2:40 into “Screams from the Sky” by Krzysztof Kotlinski

I have also previously written about this track, but I wish to call further attention to how well Kotlinski is able to use noise (pitch generator), acoustic sound (piano, cello), sampled sound (running water), and synthetic sound (wash) together to suggest an elaborate image or conflicted feeling. It is remarkable not only for its excellent execution, but also for the risk involved in bringing together such disparate sounds. I mean this moment is from its premise a very daring idea in terms of his choice of instrumentation, but it certainly pays off.

Opening Loop in “Recall” by Plaid

Although I was ultimately quite disappointed by Polymer, “Recall” has a real gem of a beat: it’s Industrial Glitch in its most dance-able form. It’s only a shame that Plaid doesn’t develop the song more: they leave it in two diametrically opposed parts that build within their respective sections, but fail to connect. Perhaps that’s, conceptually speaking, the point, but I think it is contrary to my aesthetic preference with respect to Plaid’s music. Of the albums they have released since their re-emergence from scoring films, Polymer and Scintilli are full of loop-based builders and The Digging Remedy and Reachy Prints are generally more complex in terms of composition, and I prefer the latter. That said, the divergence in “Recall” gives a striking impression, especially coming from a duo so known for their melodic sensibilities.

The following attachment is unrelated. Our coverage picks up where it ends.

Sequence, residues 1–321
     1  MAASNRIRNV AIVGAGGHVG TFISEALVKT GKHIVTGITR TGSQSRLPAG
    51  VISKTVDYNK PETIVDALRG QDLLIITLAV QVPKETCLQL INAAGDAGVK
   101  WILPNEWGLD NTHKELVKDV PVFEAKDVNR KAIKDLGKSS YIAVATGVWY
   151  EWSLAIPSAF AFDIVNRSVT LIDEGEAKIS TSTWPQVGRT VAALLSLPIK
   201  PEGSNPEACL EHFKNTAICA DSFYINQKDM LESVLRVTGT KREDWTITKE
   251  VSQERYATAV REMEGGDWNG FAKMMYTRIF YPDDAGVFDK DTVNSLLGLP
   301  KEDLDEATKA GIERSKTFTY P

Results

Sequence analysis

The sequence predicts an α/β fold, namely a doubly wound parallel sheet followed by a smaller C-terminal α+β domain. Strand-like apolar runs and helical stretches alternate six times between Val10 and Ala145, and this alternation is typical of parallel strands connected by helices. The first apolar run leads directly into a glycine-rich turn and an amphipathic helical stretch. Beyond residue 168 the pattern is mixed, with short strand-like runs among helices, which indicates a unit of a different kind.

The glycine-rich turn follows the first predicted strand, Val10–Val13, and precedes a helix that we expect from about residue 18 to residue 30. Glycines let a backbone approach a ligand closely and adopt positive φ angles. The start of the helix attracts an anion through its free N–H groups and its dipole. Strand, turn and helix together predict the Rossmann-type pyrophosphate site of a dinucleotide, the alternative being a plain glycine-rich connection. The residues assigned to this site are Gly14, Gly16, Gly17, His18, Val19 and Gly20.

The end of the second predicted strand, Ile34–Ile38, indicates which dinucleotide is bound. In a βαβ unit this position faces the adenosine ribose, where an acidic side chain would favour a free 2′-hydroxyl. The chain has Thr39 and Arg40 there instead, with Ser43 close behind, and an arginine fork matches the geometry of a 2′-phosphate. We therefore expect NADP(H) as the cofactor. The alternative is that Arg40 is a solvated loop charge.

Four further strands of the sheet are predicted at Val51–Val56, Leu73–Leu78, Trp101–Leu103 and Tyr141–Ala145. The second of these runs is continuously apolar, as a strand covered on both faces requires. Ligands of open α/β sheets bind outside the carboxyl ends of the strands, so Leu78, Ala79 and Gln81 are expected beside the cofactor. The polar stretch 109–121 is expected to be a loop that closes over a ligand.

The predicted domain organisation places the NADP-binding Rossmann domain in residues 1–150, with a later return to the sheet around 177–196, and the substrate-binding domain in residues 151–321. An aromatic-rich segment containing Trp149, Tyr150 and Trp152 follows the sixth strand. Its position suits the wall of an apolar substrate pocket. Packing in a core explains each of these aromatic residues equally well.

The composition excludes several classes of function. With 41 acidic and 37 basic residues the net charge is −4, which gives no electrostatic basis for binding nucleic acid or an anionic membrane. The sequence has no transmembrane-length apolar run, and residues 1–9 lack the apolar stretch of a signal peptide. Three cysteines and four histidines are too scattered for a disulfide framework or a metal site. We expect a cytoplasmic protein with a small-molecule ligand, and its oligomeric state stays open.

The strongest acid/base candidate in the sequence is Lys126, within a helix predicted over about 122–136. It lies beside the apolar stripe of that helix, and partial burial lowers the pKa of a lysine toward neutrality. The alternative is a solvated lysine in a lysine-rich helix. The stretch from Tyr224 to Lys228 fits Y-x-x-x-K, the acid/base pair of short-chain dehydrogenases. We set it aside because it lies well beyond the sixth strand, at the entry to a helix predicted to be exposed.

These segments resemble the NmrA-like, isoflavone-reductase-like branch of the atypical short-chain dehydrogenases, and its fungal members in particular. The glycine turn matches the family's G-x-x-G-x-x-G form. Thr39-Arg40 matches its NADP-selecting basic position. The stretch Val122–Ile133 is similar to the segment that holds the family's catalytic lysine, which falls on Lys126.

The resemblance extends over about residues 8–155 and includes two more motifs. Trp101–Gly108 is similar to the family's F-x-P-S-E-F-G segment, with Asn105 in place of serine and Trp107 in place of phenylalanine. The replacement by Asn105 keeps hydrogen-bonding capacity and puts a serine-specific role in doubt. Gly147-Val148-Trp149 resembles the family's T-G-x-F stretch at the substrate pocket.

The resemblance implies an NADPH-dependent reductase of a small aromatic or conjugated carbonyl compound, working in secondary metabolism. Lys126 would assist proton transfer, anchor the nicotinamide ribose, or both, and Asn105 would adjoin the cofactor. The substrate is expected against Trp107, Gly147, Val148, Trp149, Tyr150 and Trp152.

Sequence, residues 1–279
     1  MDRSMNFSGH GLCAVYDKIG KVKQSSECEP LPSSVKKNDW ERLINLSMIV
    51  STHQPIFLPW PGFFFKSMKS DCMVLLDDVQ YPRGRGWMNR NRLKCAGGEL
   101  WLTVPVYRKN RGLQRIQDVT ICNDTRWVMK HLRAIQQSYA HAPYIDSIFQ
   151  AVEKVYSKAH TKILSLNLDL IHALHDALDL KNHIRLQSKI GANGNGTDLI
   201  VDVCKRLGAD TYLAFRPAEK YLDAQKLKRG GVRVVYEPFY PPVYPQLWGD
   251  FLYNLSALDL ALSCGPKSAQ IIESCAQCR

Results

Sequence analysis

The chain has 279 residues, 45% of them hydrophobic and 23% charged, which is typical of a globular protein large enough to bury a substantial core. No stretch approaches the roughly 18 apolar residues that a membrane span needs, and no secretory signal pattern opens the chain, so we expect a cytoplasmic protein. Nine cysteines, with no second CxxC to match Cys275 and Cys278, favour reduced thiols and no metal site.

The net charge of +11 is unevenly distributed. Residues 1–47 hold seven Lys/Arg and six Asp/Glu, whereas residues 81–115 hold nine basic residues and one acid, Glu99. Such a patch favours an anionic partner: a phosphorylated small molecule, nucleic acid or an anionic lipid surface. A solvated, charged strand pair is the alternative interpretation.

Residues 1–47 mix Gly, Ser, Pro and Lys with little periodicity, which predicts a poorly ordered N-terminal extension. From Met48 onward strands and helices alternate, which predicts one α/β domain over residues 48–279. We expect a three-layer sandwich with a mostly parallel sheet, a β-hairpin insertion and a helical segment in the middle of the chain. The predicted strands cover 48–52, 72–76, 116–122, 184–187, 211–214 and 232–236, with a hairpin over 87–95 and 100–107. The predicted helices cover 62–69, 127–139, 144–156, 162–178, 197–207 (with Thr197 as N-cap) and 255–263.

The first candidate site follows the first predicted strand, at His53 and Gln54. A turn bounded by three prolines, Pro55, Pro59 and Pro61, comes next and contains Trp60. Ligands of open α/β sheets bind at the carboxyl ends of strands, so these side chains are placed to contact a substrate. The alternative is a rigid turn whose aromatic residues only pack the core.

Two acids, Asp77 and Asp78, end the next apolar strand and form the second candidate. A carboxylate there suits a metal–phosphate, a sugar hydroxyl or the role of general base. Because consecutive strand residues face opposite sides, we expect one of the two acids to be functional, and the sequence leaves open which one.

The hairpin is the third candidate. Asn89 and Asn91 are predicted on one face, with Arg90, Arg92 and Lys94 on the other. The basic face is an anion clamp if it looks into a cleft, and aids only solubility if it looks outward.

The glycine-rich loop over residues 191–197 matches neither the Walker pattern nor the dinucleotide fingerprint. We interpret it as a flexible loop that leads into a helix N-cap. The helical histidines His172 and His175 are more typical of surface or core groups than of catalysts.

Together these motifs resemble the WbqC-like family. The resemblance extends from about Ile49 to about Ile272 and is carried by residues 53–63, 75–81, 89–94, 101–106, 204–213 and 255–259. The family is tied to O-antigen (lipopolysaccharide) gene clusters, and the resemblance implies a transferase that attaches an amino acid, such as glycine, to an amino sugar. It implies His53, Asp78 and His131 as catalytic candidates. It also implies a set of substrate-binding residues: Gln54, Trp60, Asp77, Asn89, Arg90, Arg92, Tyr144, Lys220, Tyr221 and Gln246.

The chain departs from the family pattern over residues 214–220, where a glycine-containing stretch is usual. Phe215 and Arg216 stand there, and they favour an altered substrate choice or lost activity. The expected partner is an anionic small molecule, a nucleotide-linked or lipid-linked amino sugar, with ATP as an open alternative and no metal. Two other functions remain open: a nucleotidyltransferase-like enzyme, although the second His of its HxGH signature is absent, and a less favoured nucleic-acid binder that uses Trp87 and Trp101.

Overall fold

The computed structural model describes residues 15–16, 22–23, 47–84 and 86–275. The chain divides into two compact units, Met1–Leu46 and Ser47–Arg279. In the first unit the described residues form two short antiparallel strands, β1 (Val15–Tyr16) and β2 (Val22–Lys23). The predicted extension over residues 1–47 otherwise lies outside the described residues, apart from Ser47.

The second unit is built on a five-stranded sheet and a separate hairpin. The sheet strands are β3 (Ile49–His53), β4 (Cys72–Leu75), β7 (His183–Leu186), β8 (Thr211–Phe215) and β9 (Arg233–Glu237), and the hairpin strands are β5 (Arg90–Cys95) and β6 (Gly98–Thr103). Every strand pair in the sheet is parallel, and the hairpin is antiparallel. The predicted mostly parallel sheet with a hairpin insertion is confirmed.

The first minute of “mouth agape,” by Telefon Tel Aviv

It took me a few listens to pick up on this moment. It is a sputtered drone, parabolically increasing and decreasing its speed. It is synchronized with a beat in the left channel. There is also the blank white noise of a live mic or tape in the background. These three sounds revolve subtly, and ultimately make up one of the most peaceful moments of Telefon Tel Aviv’s most opaque work yet. But for me this moment isn’t special simply because of its placement within a largely bleak record, but more generally because of its attempt to reconcile grid-driven, computer and MIDI-dependent electronic music with the kinds of boundary pushing glitch you hear from groups like Autechre. For me, this is a technically important moment for electronic music that should point toward new possibilities for producers (although there are many other such moments on this album for which one could give such praise).

0:55 into “Darling” by TR/ST

Woah, TR/ST drops a beat one-minute into a two-minute-long track. And the beat is a low-fi break sample. And it’s a Goth Darkwave banger, like all of his music. But seriously, for me “Darling,” and the rest of The Destroyer – 2 is incredible refreshing and forward-thinking in the wake of the generally rehashed sounds of The Destroyer – 1. This moment was the first time I really realized that Robert Alfons had decided to explore completely new territory on the new record.

By Isak McCune